Daniel Nicks
(Nottingham)
Mon, 25 Nov 2013
14:00
L5

### Diffeomorphism Invariant Gauge Theories

Kirill Krasnov
(Nottingham)
Abstract
I will define and describe in some details a large class of gauge theories in four dimensions. These theories admit a variational principle with the action a functional of only the gauge field. In particular, no metric appears in the Lagrangian or is used in the construction of the theory. The Euler-Lagrange equations are second order PDE's on the gauge field. When the gauge group is taken to be SO(3), a particular theory from this class can be seen to be (classically) equivalent to Einstein's General Relativity. All other points in the SO(3) theory space can be seen to describe "deformations" of General Relativity. These keep many of GR's properties intact, and may be important for quantum gravity. For larger gauge groups containing SO(3) as a subgroup, these theories can be seen to describe gravity plus Yang-Mills gauge fields, even though the associated geometry is much less understood in this case.
Thu, 10 May 2012
15:00
L3

### The p-adic Geometric Langlands Correspondence

Alex Paulin
(Nottingham)
Abstract

The geometric Langlands correspondence relates rank n integrable connections
on a complex Riemann surface $X$ to regular holonomic D-modules on
$Bun_n(X)$, the moduli stack of rank n vector bundles on $X$.  If we replace
$X$ by a smooth irreducible curve over a finite field of characteristic p
then there is a version of the geometric Langlands correspondence involving
$l$-adic perverse sheaves for $l\neq p$.  In this lecture we consider the
case $l=p$, proposing a $p$-adic version of the geometric Langlands
correspondence relating convergent $F$-isocrystals on $X$ to arithmetic
$D$-modules on $Bun_n(X)$.

Thu, 23 Feb 2012

16:00 - 17:00
L3

Chris Wuthrich
(Nottingham)
Tue, 15 Feb 2011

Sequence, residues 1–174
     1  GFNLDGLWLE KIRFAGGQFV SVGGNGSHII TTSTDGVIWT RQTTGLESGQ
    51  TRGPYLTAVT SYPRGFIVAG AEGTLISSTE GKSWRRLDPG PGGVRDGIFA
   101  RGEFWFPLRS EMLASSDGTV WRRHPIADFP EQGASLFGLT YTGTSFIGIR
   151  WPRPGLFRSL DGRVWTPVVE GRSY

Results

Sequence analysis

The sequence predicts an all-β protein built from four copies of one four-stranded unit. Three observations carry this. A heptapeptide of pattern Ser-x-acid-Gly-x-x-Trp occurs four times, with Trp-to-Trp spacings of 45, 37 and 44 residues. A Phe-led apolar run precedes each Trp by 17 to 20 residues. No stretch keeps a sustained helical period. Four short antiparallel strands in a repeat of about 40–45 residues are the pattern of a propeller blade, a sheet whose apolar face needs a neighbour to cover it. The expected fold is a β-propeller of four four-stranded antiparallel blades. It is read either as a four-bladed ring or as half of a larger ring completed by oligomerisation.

17:00 - 18:39
L3

### Non-real zeros of real meromorphic functions

Jim Langley
(Nottingham)
Abstract

This will be mainly a survey talk covering recently-resolved conjectures of Polya and Wiman for entire functions, and progress on extensions to meromorphic functions

Tue, 15 Jun 2010

17:00 - 18:00
L2

### Bilinear Forms and Differential Forms under Field Extensions

Detlev Hoffmann
(Nottingham)
Abstract
An important problem in algebra is the study of algebraic objects

defined over fields and how they behave under field extensions,

for example the Brauer group of a field, Galois cohomology groups

over fields, Milnor K-theory of a field, or the Witt ring of bilinear

forms over

a field. Of particular interest is the determination

of the kernel of the restriction map when passing to a field extension.

We will give an overview over some known results concerning the

kernel of the restriction map from the Witt ring of a field to the

Witt ring of an extension field. Over fields of characteristic

not two, general results are rather sparse. In characteristic two,

we have a much more complete picture. In this talk, I will

explain the full solution to this problem for extensions that are

given by function fields of hypersurfaces over fields of

characteristic two. An important tool is the study of the

behaviour of differential forms over fields of positive

characteristic under field extensions. The result for

Witt rings in characteristic two then follows by applying earlier

results by Kato, Aravire-Baeza, and Laghribi. This is joint

work with Andrew Dolphin.